I wish all smart security cameras had this feature
Roger Fingas / Android Authority
Recently I had the opportunity to review the Blinking in the open air, one of the many from Amazon smart security cameras. Without spoiling the rest of my thoughts, the ‘early notification’ option found in the Blink app was a standout feature. This triggers alerts when instant motion is detected, at least within your sensitivity settings. The technology is so fast that if you have a stable connection and are already looking at your phone, you can often capture events lasting a few seconds while they’re still in progress.
This contrasts with most security cameras, whether Ring, Nest, or others – which often take a few seconds to send a notification, let alone open a livestream. The gap may be small, but it can make all the difference in situations where it’s important to act quickly, like scaring off a thief or catching an accident before it happens. Security cameras are more useful when deterring trouble rather than just providing a recording of it.
The gap may be small, but it can make all the difference in situations where it is important to act fast.
Hair trigger notifications are not only rarer than they should be, but strangely under-sold by Amazon / Blink. There’s no mention of early notifications in the company’s marketing, and even in the app, the option is labeled “beta.” How is this technology not the standard in smart security?
Problems that slow down notification speed
C. Scott Brown / Android Authority
Granted, there’s at least one obvious risk with faster notifications: battery drain. Frequent and prompt alerts can burn the batteries that many cameras rely on. In a worst-case scenario, some people might complain that they have to recharge or replace their batteries every few months, resulting in bad reviews and / or customers switching to different brands of cameras. As much as people want speed, sometimes they crave convenience more.
The Blink Outdoor is somewhat ‘cheat’ in that while the camera itself uses two AA batteries, it broadcasts to a hub plugged into an indoor AC outlet – many cameras use built-in Wi-Fi or 4G. to communicate with the cloud, both of which are inherently more power hungry. Still, while those AA batteries can last half their estimated two years, it’s not unreasonable for other camera makers to keep pace.
Related: The best wireless security cameras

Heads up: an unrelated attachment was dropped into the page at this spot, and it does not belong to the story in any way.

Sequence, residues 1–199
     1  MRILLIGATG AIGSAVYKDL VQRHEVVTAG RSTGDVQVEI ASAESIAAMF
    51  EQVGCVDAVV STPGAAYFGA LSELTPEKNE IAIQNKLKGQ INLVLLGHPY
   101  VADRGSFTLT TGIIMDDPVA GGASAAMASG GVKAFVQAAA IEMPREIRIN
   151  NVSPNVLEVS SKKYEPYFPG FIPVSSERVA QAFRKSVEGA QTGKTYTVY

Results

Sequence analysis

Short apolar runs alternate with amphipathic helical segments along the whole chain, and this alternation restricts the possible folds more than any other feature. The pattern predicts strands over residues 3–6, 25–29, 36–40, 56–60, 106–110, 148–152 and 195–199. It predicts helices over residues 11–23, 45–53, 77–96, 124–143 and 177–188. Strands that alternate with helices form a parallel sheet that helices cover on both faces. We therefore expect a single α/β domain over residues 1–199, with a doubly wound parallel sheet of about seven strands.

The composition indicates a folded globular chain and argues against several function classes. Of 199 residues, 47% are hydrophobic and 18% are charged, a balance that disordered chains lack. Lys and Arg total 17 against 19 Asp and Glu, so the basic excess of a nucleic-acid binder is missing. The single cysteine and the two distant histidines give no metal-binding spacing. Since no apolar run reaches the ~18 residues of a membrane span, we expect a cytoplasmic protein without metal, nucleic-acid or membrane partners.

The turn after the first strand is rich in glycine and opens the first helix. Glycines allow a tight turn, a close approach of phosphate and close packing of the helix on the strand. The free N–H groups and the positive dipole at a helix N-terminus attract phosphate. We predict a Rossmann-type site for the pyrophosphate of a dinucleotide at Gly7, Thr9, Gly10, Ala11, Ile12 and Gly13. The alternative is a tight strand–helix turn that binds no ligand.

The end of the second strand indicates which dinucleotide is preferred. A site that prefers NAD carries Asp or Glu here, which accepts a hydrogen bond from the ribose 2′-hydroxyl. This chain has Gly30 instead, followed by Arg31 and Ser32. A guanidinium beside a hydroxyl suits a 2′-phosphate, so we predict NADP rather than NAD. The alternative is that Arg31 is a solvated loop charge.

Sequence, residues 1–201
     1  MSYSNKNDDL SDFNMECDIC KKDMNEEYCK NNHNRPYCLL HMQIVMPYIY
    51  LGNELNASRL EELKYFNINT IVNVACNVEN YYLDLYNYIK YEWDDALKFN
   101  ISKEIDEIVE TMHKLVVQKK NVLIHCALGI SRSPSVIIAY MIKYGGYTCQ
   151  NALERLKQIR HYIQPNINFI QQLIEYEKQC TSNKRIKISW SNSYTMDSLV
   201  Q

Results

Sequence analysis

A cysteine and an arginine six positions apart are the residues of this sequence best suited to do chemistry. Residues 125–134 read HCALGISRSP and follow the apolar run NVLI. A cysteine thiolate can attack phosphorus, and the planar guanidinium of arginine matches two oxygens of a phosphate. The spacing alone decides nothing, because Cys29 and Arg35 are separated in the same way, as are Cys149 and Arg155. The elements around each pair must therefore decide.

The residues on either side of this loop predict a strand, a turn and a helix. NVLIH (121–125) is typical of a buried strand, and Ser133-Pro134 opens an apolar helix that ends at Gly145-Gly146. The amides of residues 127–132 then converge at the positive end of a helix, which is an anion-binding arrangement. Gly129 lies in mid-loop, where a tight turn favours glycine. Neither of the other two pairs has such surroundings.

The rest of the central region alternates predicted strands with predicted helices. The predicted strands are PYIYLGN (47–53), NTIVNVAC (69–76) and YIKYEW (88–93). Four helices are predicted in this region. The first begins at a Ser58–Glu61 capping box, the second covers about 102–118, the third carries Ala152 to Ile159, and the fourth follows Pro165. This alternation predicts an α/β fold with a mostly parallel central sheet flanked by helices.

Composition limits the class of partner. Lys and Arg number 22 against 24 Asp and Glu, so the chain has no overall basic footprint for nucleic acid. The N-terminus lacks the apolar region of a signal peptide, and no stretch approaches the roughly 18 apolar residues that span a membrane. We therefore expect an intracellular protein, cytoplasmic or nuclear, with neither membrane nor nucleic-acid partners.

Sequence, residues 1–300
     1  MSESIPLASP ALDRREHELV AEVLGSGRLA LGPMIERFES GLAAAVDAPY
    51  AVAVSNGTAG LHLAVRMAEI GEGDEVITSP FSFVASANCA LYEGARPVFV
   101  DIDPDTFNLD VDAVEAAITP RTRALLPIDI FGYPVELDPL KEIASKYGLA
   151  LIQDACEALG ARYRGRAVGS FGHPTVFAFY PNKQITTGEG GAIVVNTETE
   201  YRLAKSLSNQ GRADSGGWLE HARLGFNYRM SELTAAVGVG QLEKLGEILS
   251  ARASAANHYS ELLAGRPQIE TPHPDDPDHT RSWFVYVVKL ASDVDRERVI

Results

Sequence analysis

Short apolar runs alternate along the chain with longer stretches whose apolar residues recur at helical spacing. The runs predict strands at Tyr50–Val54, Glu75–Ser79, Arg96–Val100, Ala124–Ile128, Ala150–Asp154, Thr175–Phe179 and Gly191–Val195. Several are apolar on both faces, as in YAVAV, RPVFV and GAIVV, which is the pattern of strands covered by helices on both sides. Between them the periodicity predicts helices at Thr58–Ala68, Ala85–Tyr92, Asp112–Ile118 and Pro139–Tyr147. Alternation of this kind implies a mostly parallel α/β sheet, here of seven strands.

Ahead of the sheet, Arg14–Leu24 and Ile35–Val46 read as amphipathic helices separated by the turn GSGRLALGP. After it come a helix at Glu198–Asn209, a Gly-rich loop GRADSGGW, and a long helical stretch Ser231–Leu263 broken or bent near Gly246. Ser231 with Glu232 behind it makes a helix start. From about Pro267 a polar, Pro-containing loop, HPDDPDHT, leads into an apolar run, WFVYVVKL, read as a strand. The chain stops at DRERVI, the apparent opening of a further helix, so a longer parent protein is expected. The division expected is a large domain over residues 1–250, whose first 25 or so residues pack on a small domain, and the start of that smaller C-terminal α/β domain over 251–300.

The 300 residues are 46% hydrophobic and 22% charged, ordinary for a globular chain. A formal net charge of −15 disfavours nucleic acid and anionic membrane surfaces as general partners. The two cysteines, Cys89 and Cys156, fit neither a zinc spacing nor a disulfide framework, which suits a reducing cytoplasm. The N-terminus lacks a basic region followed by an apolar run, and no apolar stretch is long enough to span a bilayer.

Another bottleneck that Blink gets around is object recognition. Many cameras can now identify people, pets, vehicles, and packages, which is useful for prioritizing alerts. Nest devices go even further with a Conscious subscription, distinguishing friends from strangers. Object scanning requires additional processing time, whether managed on the device or through the cloud, and the cloud option is more common, resulting in additional delays caused by network traffic.
Granted, there’s at least one obvious risk with faster notifications: battery drain.
A final deterrent is the need to minimize false alarms. This is probably why Blink’s tech is still in beta – people would start ignoring alerts if a lot of them were unnecessary, and the company is undoubtedly trying to temper expectations until it refines. its algorithms. Indeed, I sometimes had “empty” recordings during my tests, even with limited detection zones defined in the field of view of the Outdoor. But these were rare and can potentially happen with any camera, so again, there doesn’t seem to be any excuse for leaving early notifications out.
Notifications from security cameras can and should be faster
For some people, a slight delay in notifications may be acceptable. They may feel like the odds are against having to react quickly, and they might be more concerned about battery life and the quality of alerts. That is, they prefer to be told that a package has just been delivered, or that it is a person approaching the door instead of a bird, while ignoring everything else. And that’s perfectly understandable – when I’m head down in my writing, I try to turn off anything irrelevant on my phone.
Would you prefer the faster camera notifications or slower notifications with improved reliability and object recognition?
I imagine, however, that if you present people with extreme scenarios – preventing someone from smashing your car window for example, or preventing your child from burning their hand on the stove – they will likely insist on better times. response from their cameras. False alarms here and there would be a minor compromise.
Read more: The best smart home devices you can buy
I think the solution is to create a version of Blink’s early notification option in the foreground in every camera app, even if it’s not enabled by default. If necessary, manufacturers could turn object recognition off when this mode is active, but there’s a good chance that processing on the device will be fast enough over the next few years to provide the best of both worlds.
Blinking in the open air
An Alexa-enabled security camera designed to survive the rain.
The Blink Outdoor is a weatherproof security camera with features like two-way talk, Alexa integration, night vision, and the ability to record via cloud subscription or local storage.